A follow-up to the influential 2012 booklet series Critical Making, Disobedient Electronics: Protest is a new zine by Vancouver-based theorist and educator Garnet Hertz that uses dissent as a lens to survey electronics-based projects and practices. An editorial mandate forged the day the world woke up with a ‘Donald Trump, was elected?’ hangover, Hertz introduces the 60-page book as a demonstration of how electronics can be used to foreground pressing social issues including “the wage gap, homophobia, racism, surveillance and privacy, human rights, economic disparity, and climate change.” Drawing on material submitted to an open call, the zine collates two-page submissions from approximately two dozen designers from North America, Europe, and Asia.
↑ Sartorial protest (Jen Liu & Camille Baumann-Jaeger), kinetic firearm sculptures (Scott Kiddall), a clock that signals the gender pay gap (Jaime Carreiro of PARTY), and a morning-after pill drone delivery service (Women on Waves & collaborators) – Disobedient Electronics’s provocations come in all shapes and sizes
True to DIY- zine form, Disobedient Electronics is a pastiche of approaches and aesthetics – some document works that already exist, others sketch out ideas for projects – it’s fluid. Making a bellowing opening statement, the first featured project is Abortion Drones, an (ongoing) action by the Women on Waves reproductive rights activists that uses drones to deliver morning-after pills to women in countries where abortion is illegal. Elsewhere Pedro G.C. Olivera and Xuedi Chen share an emergency personal router and blackbox device from their Backslash line of activist accessories, Annina Rüst is sharp in framing her A Piece of the Pie Chart robotic pie(chart) assembly line (that demarcates the gender gap in technical fields), Julian Oliver’s Transparency Grenade is ready to be tossed into some shady board meeting; each of the participating artists and researchers communicates their project (and practice) quite differently, and the range of voices is both refreshing and illuminating.
Working through the zine with a fine-tooth comb reveals some curiosities. A few of the contributions by American artists are, well, decidedly American and focus on the ubiquity of firearms and military casualties. The latter cause is taken up in Improvised Empathic Device (I.E.D.) by Matt Kenyon and Doug Easterly, it’s a wearable that drew blood every time an American serviceman’s death in Iraq was announced; ‘support our troops’ and all, but the documentation reads as if the project is indifferent to the imperialism that led to those deaths in the first place. Digging around online I was quite relieved to find Keynon also conceived a companion piece to memorialize the hundred thousand plus civilian casualties, but it’s kind of hard to take I.E.D. seriously (outside America) in a social-justice-meets-electronics compendium without that information. There are other regional issues to speak of, Naomi Wu coyly made Blinkini to protest the complete lack of women makers at Shenzen Maker Faire 2016, but that appears to be the only project that speaks to/of Asia, really – which feels like a missed opportunity given the importance of that continent for global consumer electronics manufacturing.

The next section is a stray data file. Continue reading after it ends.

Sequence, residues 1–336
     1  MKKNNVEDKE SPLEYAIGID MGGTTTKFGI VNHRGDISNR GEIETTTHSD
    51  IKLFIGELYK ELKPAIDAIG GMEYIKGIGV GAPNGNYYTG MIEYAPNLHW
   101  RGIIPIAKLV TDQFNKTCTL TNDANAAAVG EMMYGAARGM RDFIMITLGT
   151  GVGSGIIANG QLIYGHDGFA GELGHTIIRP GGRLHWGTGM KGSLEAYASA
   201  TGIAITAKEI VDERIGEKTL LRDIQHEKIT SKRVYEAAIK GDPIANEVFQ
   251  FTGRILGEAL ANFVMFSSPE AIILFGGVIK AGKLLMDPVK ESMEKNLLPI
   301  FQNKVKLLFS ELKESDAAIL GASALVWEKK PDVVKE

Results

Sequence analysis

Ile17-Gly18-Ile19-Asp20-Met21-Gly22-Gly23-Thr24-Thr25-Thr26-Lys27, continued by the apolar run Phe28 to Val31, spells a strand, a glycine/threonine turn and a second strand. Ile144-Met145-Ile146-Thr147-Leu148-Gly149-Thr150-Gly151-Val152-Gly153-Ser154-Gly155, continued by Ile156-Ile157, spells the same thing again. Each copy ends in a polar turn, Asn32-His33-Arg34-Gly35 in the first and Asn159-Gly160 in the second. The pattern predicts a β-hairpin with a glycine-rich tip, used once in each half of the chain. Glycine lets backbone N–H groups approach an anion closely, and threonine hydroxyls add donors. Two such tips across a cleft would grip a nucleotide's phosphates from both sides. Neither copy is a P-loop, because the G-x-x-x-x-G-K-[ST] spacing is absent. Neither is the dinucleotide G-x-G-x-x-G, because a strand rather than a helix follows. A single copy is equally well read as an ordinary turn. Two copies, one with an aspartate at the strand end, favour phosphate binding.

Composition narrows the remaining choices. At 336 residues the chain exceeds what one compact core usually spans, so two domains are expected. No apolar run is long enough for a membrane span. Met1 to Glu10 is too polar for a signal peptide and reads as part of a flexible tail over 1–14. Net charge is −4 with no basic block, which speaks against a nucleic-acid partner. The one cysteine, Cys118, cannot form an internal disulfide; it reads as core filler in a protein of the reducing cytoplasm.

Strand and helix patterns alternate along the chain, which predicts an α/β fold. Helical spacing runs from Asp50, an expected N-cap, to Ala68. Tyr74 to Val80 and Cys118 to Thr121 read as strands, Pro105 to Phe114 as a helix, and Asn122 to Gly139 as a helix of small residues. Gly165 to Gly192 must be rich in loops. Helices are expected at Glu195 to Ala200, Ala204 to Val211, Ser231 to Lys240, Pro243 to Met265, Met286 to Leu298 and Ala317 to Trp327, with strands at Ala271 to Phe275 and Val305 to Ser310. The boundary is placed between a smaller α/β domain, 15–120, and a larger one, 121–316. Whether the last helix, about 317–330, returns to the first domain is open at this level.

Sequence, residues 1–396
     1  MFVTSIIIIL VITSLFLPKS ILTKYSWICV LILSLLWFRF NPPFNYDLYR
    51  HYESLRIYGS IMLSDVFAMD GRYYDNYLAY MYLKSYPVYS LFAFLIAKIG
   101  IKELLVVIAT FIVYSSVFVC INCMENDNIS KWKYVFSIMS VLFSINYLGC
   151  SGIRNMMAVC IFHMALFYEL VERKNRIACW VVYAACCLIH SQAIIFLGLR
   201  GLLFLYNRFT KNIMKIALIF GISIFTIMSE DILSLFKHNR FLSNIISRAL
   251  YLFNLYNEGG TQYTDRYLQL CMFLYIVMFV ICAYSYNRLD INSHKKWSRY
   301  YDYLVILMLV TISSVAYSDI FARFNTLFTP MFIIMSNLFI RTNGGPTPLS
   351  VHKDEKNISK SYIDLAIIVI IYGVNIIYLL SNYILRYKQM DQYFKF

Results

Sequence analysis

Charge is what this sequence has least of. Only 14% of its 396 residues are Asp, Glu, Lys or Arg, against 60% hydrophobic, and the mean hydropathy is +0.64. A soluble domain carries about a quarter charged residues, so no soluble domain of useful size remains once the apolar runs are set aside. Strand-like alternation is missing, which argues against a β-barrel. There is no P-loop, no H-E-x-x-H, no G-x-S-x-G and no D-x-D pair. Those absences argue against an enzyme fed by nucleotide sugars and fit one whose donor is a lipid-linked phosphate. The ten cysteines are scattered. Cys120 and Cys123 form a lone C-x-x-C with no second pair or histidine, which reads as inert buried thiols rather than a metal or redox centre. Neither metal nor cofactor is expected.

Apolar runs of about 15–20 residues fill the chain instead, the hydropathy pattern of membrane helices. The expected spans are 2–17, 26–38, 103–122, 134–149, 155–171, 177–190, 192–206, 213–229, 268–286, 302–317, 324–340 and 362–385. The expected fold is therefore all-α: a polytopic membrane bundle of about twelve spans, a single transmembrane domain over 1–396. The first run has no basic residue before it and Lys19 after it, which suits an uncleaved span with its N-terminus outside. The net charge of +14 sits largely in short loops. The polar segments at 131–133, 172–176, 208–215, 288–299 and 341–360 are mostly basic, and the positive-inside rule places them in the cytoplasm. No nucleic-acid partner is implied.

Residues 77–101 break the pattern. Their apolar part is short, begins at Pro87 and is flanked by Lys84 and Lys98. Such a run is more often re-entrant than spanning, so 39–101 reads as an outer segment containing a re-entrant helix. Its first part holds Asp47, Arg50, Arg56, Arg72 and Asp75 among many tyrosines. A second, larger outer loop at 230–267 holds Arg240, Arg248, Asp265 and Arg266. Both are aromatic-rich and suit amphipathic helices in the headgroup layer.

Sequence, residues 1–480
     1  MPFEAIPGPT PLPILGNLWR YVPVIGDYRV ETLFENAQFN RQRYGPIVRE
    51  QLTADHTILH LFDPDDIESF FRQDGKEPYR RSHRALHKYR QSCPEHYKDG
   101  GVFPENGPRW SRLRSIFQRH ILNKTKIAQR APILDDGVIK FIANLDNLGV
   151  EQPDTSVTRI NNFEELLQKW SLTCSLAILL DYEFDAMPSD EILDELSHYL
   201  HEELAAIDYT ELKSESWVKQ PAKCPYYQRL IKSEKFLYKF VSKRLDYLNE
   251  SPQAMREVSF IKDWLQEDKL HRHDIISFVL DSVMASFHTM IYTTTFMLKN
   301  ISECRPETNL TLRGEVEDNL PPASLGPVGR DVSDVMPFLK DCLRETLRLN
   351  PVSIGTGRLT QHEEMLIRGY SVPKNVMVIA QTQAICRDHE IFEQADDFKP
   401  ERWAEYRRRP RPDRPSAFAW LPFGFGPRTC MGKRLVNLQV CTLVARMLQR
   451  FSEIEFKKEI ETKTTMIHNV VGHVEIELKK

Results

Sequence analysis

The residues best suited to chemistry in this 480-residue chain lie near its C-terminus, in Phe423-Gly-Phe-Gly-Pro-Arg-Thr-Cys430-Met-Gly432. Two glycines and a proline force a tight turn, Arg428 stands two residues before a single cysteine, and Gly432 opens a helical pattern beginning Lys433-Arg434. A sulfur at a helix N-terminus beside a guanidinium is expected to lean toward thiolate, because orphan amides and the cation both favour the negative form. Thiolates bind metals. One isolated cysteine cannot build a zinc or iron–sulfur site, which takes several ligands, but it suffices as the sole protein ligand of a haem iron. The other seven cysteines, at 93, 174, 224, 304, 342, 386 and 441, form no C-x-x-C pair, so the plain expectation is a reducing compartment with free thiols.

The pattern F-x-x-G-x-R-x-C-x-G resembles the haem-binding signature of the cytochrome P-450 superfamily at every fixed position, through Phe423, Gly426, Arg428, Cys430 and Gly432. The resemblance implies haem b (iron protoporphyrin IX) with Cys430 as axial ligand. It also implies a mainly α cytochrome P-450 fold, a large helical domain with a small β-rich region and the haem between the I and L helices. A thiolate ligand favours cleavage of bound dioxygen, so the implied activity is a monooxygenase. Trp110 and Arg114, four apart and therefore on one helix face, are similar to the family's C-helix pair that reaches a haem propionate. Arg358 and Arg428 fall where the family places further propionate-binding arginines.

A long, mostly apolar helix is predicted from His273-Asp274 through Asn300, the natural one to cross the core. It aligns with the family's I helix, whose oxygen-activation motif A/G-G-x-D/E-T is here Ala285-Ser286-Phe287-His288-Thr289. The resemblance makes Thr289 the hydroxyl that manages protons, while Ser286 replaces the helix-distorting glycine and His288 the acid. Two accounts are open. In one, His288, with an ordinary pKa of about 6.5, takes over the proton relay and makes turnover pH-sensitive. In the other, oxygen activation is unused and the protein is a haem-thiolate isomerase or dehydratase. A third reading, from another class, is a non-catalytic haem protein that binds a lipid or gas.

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Those asterisks aside, this collection of works is clearly trying to ‘put up a flag’ for others to organize around – it is presumably up to the reader to respond to issues close to their heart and resist through design; ideally this zine will inspire dozens of studios within media art and interaction design programs worldwide. Beyond promoting a more polemical approach to electronics the craft in Disobedient Electronics is commendable, many of these works are exhibition-worthy in their execution (projects like Ebru Kurbak and Irene Posch’s Knitted Radio would be right at home here on CAN) which is important considering the ‘look, I made a shoddy thing’ boosterism that is prominent in the maker community. Disobedient Electronics is fast, cheap, out of control, and ephemeral – just like the medium it focuses on. It’s also scarce, sadly only 300 copies were printed and they are all distributed, hopefully PDFs will become available in the future in order to grow the audience (and impact). Six years ago Paola Antonelli and the MoMA said “talk to me”, now Hertz and collaborators smartly respond “think before you speak, and make sure you have something to say when you do.”
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